There seems to be no easily available biography of Ellen Swallow Richards, but there is a long article about her in Wikipedia which includes a list of her many publications. For lighter touch, you can also read about Ellen Swallow as a character in Matthew Pearl’s mystery story, The Technologists (2012). Although the story is fiction, Pearl sticks close to the facts about the background of life at MIT in the years after it was founded and the experiences of Ellen Swallow.

2020–A Year We May Want to Forget

2020 has hardly been a year to remember, but it has been a year we will never forget. Our usual holiday celebrations have been downsized. Zoom calls have to substitute for hugs and kisses—not a good bargain. Many people have less money to spend on presents and many are worried about the future.  And worst of all, many families will be missing people who were part of the celebration last year.

There have been many bad years in the past. Our parents and grandparents lived through New Year observances that came in the midst of wars, depressions, and plagues. During the mid-nineteenth century, Christina Rossetti described the way she felt about an incoming year.   

Christina Rossetti

New Year met me somewhat sad:
Old Year leaves me tired,
Stripped of favourite things I had
Baulked of much desired:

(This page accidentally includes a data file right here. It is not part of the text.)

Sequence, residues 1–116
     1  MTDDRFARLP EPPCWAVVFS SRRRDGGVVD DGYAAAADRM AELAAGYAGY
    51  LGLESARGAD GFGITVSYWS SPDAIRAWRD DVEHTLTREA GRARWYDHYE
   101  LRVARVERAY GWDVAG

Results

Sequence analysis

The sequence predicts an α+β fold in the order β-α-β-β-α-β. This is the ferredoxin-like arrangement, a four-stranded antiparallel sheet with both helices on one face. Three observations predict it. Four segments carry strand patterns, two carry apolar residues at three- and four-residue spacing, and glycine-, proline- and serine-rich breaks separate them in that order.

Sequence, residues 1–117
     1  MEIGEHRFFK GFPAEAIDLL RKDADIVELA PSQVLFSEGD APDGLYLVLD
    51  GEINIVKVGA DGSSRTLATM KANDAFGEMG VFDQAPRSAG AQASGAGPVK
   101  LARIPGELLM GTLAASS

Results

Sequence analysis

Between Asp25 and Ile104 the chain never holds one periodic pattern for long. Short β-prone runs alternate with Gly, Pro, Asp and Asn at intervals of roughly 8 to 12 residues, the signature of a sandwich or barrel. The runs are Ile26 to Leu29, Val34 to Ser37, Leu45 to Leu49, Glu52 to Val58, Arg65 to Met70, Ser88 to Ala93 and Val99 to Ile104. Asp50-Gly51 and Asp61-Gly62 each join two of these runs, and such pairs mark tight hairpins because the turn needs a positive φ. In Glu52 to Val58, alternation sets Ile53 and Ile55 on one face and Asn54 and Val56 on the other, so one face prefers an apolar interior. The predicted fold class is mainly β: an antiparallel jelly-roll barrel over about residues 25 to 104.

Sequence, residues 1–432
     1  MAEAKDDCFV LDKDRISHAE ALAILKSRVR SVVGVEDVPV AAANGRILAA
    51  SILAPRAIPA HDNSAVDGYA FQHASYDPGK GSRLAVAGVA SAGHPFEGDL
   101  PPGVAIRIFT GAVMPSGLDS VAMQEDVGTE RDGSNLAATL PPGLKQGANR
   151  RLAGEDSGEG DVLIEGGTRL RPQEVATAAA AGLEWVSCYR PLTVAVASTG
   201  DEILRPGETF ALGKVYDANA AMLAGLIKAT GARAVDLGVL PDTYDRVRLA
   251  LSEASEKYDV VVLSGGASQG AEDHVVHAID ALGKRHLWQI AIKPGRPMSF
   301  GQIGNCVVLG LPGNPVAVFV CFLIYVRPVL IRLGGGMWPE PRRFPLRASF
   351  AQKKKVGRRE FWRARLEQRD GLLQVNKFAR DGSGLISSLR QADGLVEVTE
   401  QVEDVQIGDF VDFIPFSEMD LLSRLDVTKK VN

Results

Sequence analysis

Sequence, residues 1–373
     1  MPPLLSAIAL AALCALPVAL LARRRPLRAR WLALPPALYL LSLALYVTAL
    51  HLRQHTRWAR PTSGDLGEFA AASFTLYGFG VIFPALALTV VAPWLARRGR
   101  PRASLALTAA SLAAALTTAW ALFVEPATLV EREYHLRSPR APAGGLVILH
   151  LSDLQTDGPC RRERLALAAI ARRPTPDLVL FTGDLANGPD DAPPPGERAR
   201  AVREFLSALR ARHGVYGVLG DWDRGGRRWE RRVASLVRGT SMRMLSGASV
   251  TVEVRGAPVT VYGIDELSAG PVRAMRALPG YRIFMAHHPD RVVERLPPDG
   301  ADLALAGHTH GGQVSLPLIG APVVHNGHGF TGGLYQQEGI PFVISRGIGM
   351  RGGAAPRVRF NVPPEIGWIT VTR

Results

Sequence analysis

Yet farther on my road to-day
God willing, farther on my way.

Christina Rossetti

Let us all hope that 2021 will find us farther on our roads. With a new administration in Washington, a Brexit agreement in Europe, and several new vaccines giving us some relief from the pandemic, we can hope to move into a new period of peace and healing throughout the world.

Wishing Everyone a Hopeful New Year!

Books I’ll remember from 2020

Reading the year-end lists of best books in newspapers and online during the past few weeks has inspired me to think about the books I read in 2020. Some of them are almost forgotten, but a few I remember well and think of often. Today I want to share some thoughts about three of the most memorable books of the year for me. I wonder whether any of them have caught your attention through the long months of this strange year.

FICTION

I’ve read very little fiction this year except for escapist mysteries that took me away from thoughts of shutdowns and pandemics but disappeared from mind soon after I turned the final page. There was one remarkable exception—Djinn Patrol on the Purple Line by Deepa Anappara—a book that starts with a mystery but opens up a new view of the world we live in.